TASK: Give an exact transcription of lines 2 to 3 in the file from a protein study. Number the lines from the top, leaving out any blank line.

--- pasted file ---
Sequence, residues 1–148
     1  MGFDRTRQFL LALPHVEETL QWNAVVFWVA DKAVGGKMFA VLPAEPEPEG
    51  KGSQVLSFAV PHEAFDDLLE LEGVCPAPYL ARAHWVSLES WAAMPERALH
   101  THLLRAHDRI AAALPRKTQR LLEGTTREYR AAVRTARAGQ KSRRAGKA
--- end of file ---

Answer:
     1  MGFDRTRQFL LALPHVEETL QWNAVVFWVA DKAVGGKMFA VLPAEPEPEG
    51  KGSQVLSFAV PHEAFDDLLE LEGVCPAPYL ARAHWVSLES WAAMPERALH